Smart Answers

Overcome Four Obstacles to Growth in 2012


Late in 2011, the U.S. economy began crackling with signs of increasing confidence, putting American entrepreneurs in a better position than they’ve been in for years, says Karl Schamotta, a senior market strategist for Western Union Business Solutions (WU) in Calgary. “The U.S. economy took its licks very hard during the financial crisis and its aftermath, but it’s still one of the world’s most flexible economies—and that gives it a huge advantage in recovery,” Schamotta says.

The upbeat forecasts could get lost in the doom-and-gloom pronouncements that typically accompany a Presidential election year, says John Krubski, a futurist and research adviser for the Guardian Life Small Business Research Institute. He suggests that small companies use the uptick as an excuse to adjust their business models and seek new markets.

In this Smart Answers column, Schamotta and Krubski pinpoint four challenges they foresee facing entrepreneurs in 2012 and offer advice to business owners on how to meet these obstacles to growth, head-on.

Negative focus. “Politicians don’t get elected unless they can convince people that things are going badly,” Krubski says, explaining why research shows that election years tend to be unfavorable for business. To avoid getting sucked into the rhetoric, small business owners should “inoculate themselves” against the prevailing wisdom and accentuate the positive: Financial-analysis-software maker Sageworks tracked U.S. companies with sales under $7 million and found a 3 percent average revenue increase in 2011. That’s up from a 2 percent increase in 2010 and a 6 percent drop in 2009.

Worry about slumping sales. The Guardian Life’s October 2011 survey of 1,100 business owners showed that 14 percent would shut their doors if revenues were to drop drastically in 2012; the figure rose to just over 23 percent for sole proprietors. Nevertheless, entrepreneurs are unrelenting optimists, even in tough times. Insurance firm Hiscox released its year-end “DNA of an Entrepreneur” survey of 3,000 respondents, showing that despite increased stress, almost half of U.S. entrepreneurs are optimistic about 2012; fewer than half expected layoffs. The McGladrey Manufacturing & Distribution Monitor, a quarterly survey of just over 500 executives who run mostly small and midsize businesses, showed economic outlook increasing from 38 percent positive in the spring to 60 percent positive in the summer—and 78 percent by the fall, says Karen Kurek, national manufacturing and distribution practice leader in McGladrey’s Chicago office.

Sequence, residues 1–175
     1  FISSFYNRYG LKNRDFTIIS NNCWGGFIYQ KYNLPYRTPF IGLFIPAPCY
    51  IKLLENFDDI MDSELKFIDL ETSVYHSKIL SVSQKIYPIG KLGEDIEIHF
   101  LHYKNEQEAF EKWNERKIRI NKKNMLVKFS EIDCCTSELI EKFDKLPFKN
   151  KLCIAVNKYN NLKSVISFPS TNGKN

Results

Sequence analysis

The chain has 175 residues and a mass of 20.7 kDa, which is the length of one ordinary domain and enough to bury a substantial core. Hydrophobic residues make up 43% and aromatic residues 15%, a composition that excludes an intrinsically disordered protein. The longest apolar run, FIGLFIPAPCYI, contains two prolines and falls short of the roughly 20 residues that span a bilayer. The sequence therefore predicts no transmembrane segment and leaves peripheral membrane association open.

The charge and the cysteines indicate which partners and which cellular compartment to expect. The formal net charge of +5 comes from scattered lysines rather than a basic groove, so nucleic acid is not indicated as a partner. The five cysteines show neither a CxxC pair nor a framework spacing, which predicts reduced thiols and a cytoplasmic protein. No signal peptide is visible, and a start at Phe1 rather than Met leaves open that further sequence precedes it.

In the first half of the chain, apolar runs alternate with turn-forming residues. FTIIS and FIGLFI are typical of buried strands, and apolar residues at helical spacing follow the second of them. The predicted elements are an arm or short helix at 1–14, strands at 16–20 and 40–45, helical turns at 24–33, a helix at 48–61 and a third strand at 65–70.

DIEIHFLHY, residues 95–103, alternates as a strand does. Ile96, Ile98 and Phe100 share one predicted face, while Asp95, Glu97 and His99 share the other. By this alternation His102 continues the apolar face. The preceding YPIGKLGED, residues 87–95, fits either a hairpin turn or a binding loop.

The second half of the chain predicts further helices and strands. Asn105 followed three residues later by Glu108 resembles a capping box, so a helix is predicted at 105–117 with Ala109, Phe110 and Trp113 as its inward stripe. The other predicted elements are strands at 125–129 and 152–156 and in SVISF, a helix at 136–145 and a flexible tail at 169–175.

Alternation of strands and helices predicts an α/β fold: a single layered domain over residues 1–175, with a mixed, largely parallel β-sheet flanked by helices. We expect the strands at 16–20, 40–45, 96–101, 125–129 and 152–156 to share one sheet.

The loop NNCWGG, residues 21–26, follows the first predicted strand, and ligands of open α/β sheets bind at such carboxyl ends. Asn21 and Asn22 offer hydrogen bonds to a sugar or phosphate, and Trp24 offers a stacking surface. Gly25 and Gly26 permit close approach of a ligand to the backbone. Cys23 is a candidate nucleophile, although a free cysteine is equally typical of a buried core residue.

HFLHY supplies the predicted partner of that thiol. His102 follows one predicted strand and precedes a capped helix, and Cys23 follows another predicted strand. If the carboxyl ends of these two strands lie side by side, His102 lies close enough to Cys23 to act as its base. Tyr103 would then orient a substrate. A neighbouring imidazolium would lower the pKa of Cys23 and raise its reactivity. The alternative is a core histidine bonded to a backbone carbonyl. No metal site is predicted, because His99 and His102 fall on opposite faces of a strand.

World economic turmoil. From currency troubles in the euro zone to decelerating growth in emerging economies, the fallout contains repercussions for the U.S. economy. However, such difficulties also provide opportunities for small U.S. businesses to expand into markets where their competition has been weakened, particularly if they retool business plans and increase productivity.

“This year is a good one to be looking for coins in the sofa, to work on little improvements that can make a big difference to your long-term success,” Schamotta says. “Reduce costs, reduce cash flow volatility, and maximize foreign trading relationships.” Don’t forget the surplus of talented people looking for jobs, Krubski says. “If you have 10 employees and one isn’t pulling his weight, the other nine are penalized. It’s a hard decision, but think about what’s working for your company, what’s not, and what you can do to rebalance.”

Uncertainty. Service providers are craving the certainty of long-term contracts and may be willing to trade some profitability in exchange. “People are going to be looking to renegotiate everything and you should be doing the same. A friend [who runs a small business] had a copier salesman approach her about locking in her account for 10 years. She agreed, at a much lower rate, and got him to buy her out of her previous contract,” Krubski says. Do a start-from-scratch review of all your expenses and cut deals with everyone from your accountant to your customers and employees. Give people your commitment to buy from them and you can renegotiate many fixed expenses to your long-term benefit.

Karen_klein
Klein is a Los Angeles-based writer who covers entrepreneurship and small-business issues.

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